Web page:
Yeah I listened to the previous scores from the video games to kind of see where, the realm of the music and where they were going and I did find that it, the music did change throughout the progression of the series in the video games, I think the first game the music was much more electronic and then as the games got more expansive and larger, more cinematic they switched to an orchestral score, but what I worked with, with Kevin, the director and what we kind of decided was to go with an orchestral family animated film kind of staying within that genre and you know develop new themes and there’s a lot more comedy, a lot more kind of Looney Tunesish kind of ideas within this score, so while my score is still cinematic like the games I think my score is probably a lot more light hearted than the game, like the movie is, I think the movie has a little bit lighter tone than the games do and yeah so we just kind of wanted to restart the series musically also as we started retelling.


That feeds into my next question, I noticed that the characters had some distinct themes, is that something that was important to you to differentiate them from each other?

Yeah definitely, I felt that the music in this film really needed to be a character in the film, you know to highlight all the action and all the comedy so I set really to write Ratchet’s theme which is there on the soundtrack as well, and it develops and mutates throughout the score and his theme is really recognisable especially if you listen to it on the soundtrack, but I really enjoyed writing Dr Nefarious’s theme, I was really trying to stay away from anything too cliché with him, because he seems, he is a funny cliché character like a 1950s kind of mad scientist villain you know over the top kind of character, so I didn’t want to use like a Theremin with him you know that would have been very easy to you know kind of default to that, so I tried to think of something creatively and with the orchestral landscape to come up with that and came up with these fluttering winds, vibes and piano kind of sounds and kind of you know culminate in his character which is kind of sinister, funny and kind of villainous at the same time so I think it’s some of the most nuanced orchestral writing that I was able to do so far and I was incredibly happy with the way it came out in the film.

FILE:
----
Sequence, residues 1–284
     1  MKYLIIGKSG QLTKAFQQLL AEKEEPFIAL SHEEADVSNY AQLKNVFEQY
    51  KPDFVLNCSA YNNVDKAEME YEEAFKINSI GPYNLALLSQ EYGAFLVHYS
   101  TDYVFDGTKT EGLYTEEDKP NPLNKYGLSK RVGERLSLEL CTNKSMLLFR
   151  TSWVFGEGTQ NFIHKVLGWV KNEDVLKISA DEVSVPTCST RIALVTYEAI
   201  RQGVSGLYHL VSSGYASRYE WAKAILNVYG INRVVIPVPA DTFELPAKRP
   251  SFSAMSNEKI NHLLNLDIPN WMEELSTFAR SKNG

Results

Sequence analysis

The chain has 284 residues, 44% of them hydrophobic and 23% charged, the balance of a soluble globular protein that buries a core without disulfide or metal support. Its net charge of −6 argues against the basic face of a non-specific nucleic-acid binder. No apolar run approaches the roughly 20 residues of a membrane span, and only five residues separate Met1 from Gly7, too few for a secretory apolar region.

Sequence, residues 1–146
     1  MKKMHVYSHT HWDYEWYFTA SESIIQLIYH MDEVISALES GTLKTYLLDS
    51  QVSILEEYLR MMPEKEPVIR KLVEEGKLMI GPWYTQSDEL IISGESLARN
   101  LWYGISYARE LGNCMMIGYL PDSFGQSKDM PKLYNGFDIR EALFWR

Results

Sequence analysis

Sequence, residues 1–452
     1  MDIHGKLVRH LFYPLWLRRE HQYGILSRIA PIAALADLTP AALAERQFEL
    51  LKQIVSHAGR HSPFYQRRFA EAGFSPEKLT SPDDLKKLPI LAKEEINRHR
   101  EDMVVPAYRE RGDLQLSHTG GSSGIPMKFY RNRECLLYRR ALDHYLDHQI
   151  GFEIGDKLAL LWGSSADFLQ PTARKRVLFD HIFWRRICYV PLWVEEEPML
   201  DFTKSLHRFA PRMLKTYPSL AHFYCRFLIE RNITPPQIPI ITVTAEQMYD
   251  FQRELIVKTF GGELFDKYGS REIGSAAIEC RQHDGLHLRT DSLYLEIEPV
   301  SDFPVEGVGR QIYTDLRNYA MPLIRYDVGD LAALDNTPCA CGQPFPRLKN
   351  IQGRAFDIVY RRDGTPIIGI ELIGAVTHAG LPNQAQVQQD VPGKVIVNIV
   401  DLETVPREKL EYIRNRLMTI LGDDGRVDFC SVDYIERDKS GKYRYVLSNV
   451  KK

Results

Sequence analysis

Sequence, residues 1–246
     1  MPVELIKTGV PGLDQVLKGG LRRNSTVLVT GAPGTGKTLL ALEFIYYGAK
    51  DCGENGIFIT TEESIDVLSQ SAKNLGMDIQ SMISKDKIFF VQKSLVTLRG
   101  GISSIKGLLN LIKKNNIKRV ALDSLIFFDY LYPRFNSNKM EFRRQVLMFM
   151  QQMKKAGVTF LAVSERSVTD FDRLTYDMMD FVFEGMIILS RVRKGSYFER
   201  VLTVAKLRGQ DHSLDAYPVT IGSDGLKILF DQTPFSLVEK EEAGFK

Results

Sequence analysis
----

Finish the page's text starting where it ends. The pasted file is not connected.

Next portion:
Do you have a particular instrument that you favour more than others or is it a bit different?

I definitely have, you know I normally write on piano, being an orchestral composer primarily, writing on the piano using the range of all the instruments in different sections, it’s easier to you know flesh out my ideas on the piano, but as far as orchestration I have a real methodical approach to orchestration so I tend to really think about textural writing when I’m writing, you know orchestrating, so I like to pass ideas around the orchestra and I think that keeps it fresh and lively so as far as my favourite instruments I think of the orchestra as one instrument with just massive amounts of different texture and colour that I can require out of it which I think is really good way to approach orchestral writing, but I love the sound of the oboe so when I ever I can write for the oboe I really enjoy that, so I would say that would be my favourite sound texturally out the orchestra if I had to pick one.




Who inspires you in the industry?

Well I grew up listening to Jerry Goldsmith’s scores, John Williams scores, I really enjoy Rachel Portman her scores are fantastic, going back, I really like her sense of lightness quality to her orchestration so really technical and interesting, The Cider House Rules score comes to mind and that movies been out for several years now but that score was really impactful on me when I was in school especially, so yeah growing up I think just listening to you know traditional orchestral scores, I still enjoy listening to concert works, I go to the Los Angeles Philharmonic a lot and listen you know sit pretty close and go there to study you know kind of what the other composers have done you know as I can see how the blending is going on and orchestration and how all the textures are working together.

Is she who you would like to collaborate with?